Editor’s note: An earlier version of this article incorrectly stated the individual who noticed other people were struggling to purchase food in South Bethlehem. The individual was Cathy Reuscher, one of the co-op’s founding members. It was also wrongly stated that six members are needed to fund, rather than form, a real estate committee. Also, the mentioned student’s project was described as expensive, rather than extensive.
Jaime Karpovich was in the middle of preparing a meal during the fall of 2011 when she realized she had forgotten to purchase a red pepper for the dish. She knew she would not be able to go to a grocery store and back in less than half an hour without a car, and she posted about her frustration on Facebook.
Karpovich described the difficulties living of purchasing food in South Bethlehem, which is classified as a food desert by the U.S. Department of Agriculture. The department considers an area a food desert based on accessibility to healthy food and the proximity to a store with these foods as it relates to income to vehicle availability, which affects an individual’s access to these food stores.
Cathy Reuscher, a founding leader of the Bethlehem Food Co-op, noticed others related to Karpovich’s situation and problems.
“Within a couple of hours, another post on Facebook said they were having a public meeting at the public library,” said Colleen Marsh, the Bethlehem Food Co-op board co-chair. “Over a hundred people showed up at that meeting.”
Because of the low access to a quality grocery store in South Bethlehem, the area has been identified as a food desert by the U.S. Department of Agriculture. As a result of this status, the Bethlehem Food Co-op was formed by members of the community.
After the initial meeting in 2011, the co-op has reached 306 household memberships as of March 25, which is the number needed to begin forming a real estate committee.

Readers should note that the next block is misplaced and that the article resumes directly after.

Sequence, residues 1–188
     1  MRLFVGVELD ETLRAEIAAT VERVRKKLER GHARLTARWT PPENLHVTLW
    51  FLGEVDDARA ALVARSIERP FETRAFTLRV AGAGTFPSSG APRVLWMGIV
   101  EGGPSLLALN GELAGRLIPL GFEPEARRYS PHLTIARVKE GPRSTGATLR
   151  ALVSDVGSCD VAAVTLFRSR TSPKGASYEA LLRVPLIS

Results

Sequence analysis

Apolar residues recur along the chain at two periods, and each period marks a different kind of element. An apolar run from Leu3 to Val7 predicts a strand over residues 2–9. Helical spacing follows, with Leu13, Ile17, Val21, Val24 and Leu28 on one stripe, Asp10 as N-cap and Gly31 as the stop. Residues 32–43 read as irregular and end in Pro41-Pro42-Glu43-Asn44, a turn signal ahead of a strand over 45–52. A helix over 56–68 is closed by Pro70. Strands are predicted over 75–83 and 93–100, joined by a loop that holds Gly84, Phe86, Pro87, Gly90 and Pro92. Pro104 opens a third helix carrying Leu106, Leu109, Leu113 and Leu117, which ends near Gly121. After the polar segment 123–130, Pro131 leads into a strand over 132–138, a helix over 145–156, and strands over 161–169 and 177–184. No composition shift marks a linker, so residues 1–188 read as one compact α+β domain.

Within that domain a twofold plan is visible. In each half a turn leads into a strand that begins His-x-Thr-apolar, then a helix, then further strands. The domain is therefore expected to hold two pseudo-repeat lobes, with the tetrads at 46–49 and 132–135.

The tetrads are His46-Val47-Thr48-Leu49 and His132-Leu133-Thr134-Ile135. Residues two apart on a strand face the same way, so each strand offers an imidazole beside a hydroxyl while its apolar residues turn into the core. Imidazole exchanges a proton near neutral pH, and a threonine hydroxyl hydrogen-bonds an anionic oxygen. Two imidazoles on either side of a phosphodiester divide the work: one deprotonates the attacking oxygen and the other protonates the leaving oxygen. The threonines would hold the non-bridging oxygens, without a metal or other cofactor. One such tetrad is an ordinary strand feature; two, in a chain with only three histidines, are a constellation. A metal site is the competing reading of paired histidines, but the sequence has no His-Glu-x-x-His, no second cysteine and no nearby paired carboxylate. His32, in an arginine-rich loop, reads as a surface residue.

“This has taken as long as it has because it is truly volunteers,” said Tracey Werner, the co-chair of the co-op’s communications committee. “It’s members who pay a $300, one-time equity fee to become members of the co-op. When we say you own it, quite literally, you do. You have voting power in the decisions that the co-op makes. You are a member of that organization.”
Ritter stressed the importance of keeping their members up to date and educated about the community and listening to their ideas.
The main goal of the Bethlehem Food Co-op is to create a community-owned grocery store in downtown Bethlehem.
“The average food co-op takes five to seven years from founding to open the doors,” Marsh said. “We incorporated essentially in 2012 . . . that puts us at 2017 or 2018. I think we’re on track for that.”
The board wants the store to be affordable and offer fresh produce, but also want to make sure all members of the community have access to it.
“There will be a professional general manager who knows retail and grocery stores and there will be staff,” Werner said. “It is our intent to pay all of our employees a living wage so they are getting money they can actually feed a family on. This is part of the cooperative principles that all co-ops operate under.”
Along with the end goal of creating a community-owned grocery store, the Bethlehem Food Co-op focuses on education and started a program this year to teach community members about good food choices.
“We rolled out our education program formally this past January, Marsh said. “It has actual classes teaching people (about) how to understand food choices, about urban composting, (about) writing about food and all sorts of things.”
Werner said the membership payment can be broken into a payment plan for those who cannot afford a one-time payment of $300. There are also scholarships for disadvantaged families who would not be able to be a part of the co-op without the additional help.
Unlike a major grocery store such as Wegman’s Food Markets or Giant Food Stores, the Bethlehem Food Co-op does not have major financiers or backers. The larger grocery companies can build a store when they want because they have the finances to do so.
Werner also said there are classes for kids that deal with playing with food, which is a fun way to teach children about healthy produce. They hope to find a space that will have room for educational facilitates to provide more classes in the future.
As Lehigh University is within the food-desert of Bethlehem, there have been several efforts made by Lehigh students working with the co-op.
“We had a student who did a really extensive research project on some different institutional membership structures, so as we move forward we can consider how organizations can get involved,” Marsh said. “We’ve also had students up at Mountaintop campus present numerous things to our board from ideas for systems and community development.”
The Bethlehem Food Co-op board hopes to have more students from Lehigh involved, and it is open to new ideas.
“I find it to be exhilarating, fun, (and) interesting (to be) surrounded by a group of very, very committed people from Bethlehem,” Ritter said.